Joseph Stiglitz says we need better measures of economic performance:
Rethink GDP fetish, by Joseph E. Stiglitz, Commentary, Project Syndicate: ...Eighteen months ago, French President Nicolas Sarkozy established an international Commission on the Measurement of Economic Performance and Social Progress, owing to his dissatisfaction - and that of many others - with the current state of statistical information about the economy... On Sept. 14, the commission will issue its long-awaited report.
The big question concerns whether GDP provides a good measure of living standards. In many cases, GDP statistics seem to suggest that the economy is doing far better than most citizens' own perceptions. Moreover, the focus on GDP creates conflicts: political leaders are told to maximize it, but citizens also demand that attention be paid to enhancing security, reducing pollution, and so forth - all of which might lower GDP growth.
The fact that GDP may be a poor measure of well-being, or even of market activity, has, of course, long been recognized. But changes in society and the economy may have heightened the problems...
For example,... in one key sector - government - we ... often measure the output simply by the inputs. If government spends more - even if inefficiently - output goes up. In the last 60 years, the share of government output in GDP has increased [substantially]... So what was a relatively minor problem has now become a major one.
Likewise, quality improvements ... account for much of the increase in GDP nowadays. But assessing quality improvements is difficult. ...
Another marked change in most societies is an increase in inequality. ... If a few bankers get much richer, average income can go up, even as most individuals' incomes are declining. So GDP per person statistics may not reflect what is happening to most citizens.
We use market prices to value goods and services. But ... the ... pre-crisis profits of banks - one-third of all corporate profits - appear to have been a mirage.
This realization casts a new light not only on our measures of performance, but also on the inferences we make. Before the crisis, when U.S. growth ... seemed so much stronger than that of Europe, many Europeans argued that Europe should adopt U.S.-style capitalism. Of course, anyone who wanted to could have seen American households' growing indebtedness, which would have gone a long way toward correcting the false impression of success given by the GDP statistic.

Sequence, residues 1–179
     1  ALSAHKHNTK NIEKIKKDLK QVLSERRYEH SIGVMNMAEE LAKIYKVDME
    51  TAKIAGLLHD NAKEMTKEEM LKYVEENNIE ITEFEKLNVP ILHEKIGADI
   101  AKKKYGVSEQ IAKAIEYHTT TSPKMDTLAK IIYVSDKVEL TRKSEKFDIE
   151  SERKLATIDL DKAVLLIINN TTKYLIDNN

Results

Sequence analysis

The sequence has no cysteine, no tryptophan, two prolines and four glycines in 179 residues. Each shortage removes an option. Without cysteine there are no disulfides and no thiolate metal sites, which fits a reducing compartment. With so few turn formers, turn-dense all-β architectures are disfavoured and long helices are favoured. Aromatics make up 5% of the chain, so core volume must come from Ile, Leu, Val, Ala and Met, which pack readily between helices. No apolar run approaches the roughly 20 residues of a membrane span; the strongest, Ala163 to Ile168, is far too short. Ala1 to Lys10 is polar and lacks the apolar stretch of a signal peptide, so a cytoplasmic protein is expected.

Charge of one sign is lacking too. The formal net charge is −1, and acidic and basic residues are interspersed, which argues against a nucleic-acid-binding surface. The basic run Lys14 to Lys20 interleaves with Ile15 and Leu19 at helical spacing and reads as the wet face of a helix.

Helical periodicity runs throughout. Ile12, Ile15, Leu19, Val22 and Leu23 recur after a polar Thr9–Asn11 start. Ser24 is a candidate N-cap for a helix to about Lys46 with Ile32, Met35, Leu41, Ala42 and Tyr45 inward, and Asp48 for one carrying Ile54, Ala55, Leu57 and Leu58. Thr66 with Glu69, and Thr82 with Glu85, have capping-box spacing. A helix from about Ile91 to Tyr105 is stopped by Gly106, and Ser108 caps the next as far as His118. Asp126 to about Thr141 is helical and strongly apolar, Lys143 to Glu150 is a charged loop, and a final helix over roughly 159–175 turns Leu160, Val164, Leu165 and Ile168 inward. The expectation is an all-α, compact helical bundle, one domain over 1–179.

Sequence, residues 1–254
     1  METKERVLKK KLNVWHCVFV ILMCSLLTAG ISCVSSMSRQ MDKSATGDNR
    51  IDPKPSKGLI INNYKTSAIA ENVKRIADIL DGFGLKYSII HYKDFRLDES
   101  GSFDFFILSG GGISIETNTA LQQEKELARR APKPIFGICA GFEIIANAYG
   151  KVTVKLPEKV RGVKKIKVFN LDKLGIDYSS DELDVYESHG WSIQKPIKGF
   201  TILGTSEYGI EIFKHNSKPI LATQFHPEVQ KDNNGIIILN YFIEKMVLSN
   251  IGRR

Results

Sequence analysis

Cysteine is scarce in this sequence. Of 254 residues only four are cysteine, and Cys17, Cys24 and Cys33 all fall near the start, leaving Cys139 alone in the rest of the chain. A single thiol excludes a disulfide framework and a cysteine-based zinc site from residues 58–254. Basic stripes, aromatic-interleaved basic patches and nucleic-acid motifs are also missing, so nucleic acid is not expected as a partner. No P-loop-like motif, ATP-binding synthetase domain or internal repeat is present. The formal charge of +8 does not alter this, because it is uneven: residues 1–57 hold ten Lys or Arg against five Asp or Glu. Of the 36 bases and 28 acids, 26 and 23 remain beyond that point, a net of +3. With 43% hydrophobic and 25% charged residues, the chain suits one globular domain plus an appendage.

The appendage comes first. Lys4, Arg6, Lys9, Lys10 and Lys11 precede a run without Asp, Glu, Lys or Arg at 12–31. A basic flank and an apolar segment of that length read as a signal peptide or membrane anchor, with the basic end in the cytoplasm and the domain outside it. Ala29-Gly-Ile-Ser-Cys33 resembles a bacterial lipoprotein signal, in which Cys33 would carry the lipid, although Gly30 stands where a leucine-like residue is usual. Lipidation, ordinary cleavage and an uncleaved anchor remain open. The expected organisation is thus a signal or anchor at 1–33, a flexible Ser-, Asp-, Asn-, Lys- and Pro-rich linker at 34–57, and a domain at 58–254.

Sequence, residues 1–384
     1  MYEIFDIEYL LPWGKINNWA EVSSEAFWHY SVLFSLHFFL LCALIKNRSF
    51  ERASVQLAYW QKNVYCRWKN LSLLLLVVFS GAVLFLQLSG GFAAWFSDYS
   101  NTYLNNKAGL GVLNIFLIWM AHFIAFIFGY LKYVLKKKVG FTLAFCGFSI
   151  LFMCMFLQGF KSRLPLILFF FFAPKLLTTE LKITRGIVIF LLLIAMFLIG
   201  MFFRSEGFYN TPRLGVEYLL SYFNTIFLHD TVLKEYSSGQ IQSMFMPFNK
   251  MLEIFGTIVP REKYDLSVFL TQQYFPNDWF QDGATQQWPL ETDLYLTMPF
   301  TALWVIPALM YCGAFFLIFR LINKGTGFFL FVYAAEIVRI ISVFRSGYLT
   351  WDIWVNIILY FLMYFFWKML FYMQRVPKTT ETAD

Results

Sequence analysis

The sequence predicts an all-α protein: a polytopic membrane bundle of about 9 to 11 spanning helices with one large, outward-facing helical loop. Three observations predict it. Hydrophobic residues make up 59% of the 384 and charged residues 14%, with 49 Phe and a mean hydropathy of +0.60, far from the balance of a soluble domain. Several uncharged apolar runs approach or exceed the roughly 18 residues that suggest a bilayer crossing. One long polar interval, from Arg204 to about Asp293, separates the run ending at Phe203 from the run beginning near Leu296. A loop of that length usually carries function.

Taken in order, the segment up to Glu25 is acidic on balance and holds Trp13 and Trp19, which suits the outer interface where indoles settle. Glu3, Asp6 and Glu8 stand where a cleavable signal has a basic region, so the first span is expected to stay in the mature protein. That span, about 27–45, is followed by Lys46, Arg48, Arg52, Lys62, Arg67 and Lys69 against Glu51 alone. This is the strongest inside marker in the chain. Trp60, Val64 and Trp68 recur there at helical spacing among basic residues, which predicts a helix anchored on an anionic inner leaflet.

Recent methodological advances have enabled us to assess better what contributes to citizens' sense of well-being... These studies, for instance, verify and quantify what should be obvious: the loss of a job has a greater impact than can be accounted for just by the loss of income. They also demonstrate the importance of social connectedness.
Any good measure of how well we are doing must also take account of sustainability..., our national accounts need to reflect the depletion of natural resources and the degradation of our environment.
Statistical frameworks are intended to summarize what is going on in our complex society in a few easily interpretable numbers. It should have been obvious that one couldn't reduce everything to a single number, GDP. The report by the Commission on the Measurement of Economic Performance and Social Progress ... should ... provide guidance for creating a broader set of indicators that more accurately capture both well-being and sustainability...
Posted by Mark Thoma on Wednesday, September 9, 2009 at 11:02 AM in Economics, Methodology |
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